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European Commission Approves €515 Million in State Aid from Spain and Germany to Build Hydrogen-Powered Steel Plants
February 28, 2023
Profile photo of contributor Duncan Grieve
Special Counsel | White Collar Defense and Investigations
Profile photo of contributor Kya Henley
Associate | Global Litigation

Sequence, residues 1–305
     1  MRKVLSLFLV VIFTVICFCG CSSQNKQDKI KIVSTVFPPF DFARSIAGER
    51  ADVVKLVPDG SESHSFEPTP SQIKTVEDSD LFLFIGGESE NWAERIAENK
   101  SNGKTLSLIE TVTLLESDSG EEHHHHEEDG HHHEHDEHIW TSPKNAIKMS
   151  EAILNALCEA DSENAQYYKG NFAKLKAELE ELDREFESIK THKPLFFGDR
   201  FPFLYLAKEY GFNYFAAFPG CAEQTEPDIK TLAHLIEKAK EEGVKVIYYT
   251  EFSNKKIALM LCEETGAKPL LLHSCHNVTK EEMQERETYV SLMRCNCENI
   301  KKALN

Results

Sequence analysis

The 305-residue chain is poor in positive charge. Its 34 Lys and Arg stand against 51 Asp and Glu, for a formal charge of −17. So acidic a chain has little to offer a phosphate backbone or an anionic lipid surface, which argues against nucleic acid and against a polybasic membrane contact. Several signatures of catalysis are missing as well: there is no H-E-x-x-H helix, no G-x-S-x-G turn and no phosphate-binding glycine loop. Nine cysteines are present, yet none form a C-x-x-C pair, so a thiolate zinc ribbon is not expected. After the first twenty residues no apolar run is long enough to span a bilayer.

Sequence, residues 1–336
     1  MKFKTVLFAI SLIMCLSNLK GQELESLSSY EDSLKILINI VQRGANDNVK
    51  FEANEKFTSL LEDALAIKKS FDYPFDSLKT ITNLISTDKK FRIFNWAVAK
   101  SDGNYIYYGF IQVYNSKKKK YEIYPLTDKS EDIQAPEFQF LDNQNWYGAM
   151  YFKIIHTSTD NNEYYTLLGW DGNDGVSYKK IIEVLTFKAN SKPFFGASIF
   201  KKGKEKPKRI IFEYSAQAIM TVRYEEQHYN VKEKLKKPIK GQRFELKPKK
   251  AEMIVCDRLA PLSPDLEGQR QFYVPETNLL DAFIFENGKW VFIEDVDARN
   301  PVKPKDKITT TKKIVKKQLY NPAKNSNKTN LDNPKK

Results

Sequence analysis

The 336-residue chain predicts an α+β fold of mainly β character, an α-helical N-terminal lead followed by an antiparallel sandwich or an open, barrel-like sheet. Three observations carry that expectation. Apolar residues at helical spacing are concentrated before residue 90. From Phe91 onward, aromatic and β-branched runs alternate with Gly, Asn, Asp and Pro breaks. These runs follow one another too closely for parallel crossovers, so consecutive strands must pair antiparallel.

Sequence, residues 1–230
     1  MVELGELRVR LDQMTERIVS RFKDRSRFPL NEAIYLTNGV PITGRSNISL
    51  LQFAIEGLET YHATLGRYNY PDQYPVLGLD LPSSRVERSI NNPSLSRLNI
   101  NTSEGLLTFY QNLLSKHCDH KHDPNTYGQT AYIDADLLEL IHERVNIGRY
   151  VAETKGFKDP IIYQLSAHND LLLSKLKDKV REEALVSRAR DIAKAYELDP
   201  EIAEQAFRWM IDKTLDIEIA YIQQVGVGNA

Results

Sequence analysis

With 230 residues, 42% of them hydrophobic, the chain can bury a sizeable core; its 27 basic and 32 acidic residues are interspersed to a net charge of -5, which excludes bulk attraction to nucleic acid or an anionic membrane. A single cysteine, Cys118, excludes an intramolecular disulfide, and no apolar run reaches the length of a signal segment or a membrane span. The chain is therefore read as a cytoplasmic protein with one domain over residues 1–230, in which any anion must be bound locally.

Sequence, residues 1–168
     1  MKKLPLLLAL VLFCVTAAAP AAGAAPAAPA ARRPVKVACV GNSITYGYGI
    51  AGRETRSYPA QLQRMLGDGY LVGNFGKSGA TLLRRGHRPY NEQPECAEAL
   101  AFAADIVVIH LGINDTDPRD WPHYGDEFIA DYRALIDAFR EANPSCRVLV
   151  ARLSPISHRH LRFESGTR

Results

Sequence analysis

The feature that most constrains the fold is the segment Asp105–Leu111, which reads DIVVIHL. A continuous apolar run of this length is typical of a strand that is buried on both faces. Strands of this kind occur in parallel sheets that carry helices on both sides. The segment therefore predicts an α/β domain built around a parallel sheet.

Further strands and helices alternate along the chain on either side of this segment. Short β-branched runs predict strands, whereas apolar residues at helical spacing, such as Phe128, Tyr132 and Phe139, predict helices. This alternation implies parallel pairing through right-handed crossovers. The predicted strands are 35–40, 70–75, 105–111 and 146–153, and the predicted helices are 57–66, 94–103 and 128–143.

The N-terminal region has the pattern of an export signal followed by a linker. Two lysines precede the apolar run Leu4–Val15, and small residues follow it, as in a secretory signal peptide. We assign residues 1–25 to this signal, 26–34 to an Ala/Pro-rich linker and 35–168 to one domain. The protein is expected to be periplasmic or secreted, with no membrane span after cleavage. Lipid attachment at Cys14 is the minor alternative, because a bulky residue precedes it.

On February 17, 2023, the European Commission granted approval for the Spanish and German governments to subsidize the construction of two renewable hydrogen-powered steel production facilities for Europe’s largest steelmaker. Spain will provide €460 million to ArcelorMittal España to assist with replacing its blast furnaces at a facility in Gijón, where it operates two blast furnaces producing liquid hot metal from a mixture of iron ore, coke and limestone. The aid will support the construction of a renewable hydrogen-based direct reduced iron plant. Germany will contribute €55 million to ArcelorMittal Hamburg to build a “demonstration plant” for the production of green steel that will use 100% renewable hydrogen. It is expected that the facility in Spain will be operational by 2025 with the German project up and running a year later, in 2026. In both cases, the Commission found that the aid “has an ‘incentive effect,' as the beneficiary would not carry out the investments in green steel production without the public support.” Additionally, the Commission stated the aid would only have a “limited impact” on competition and trade within the EU and that it was necessary to “promote the production of green steel.” If the projects net revenues end up being higher than anticipated, the companies will return a portion to the Spanish and German governments.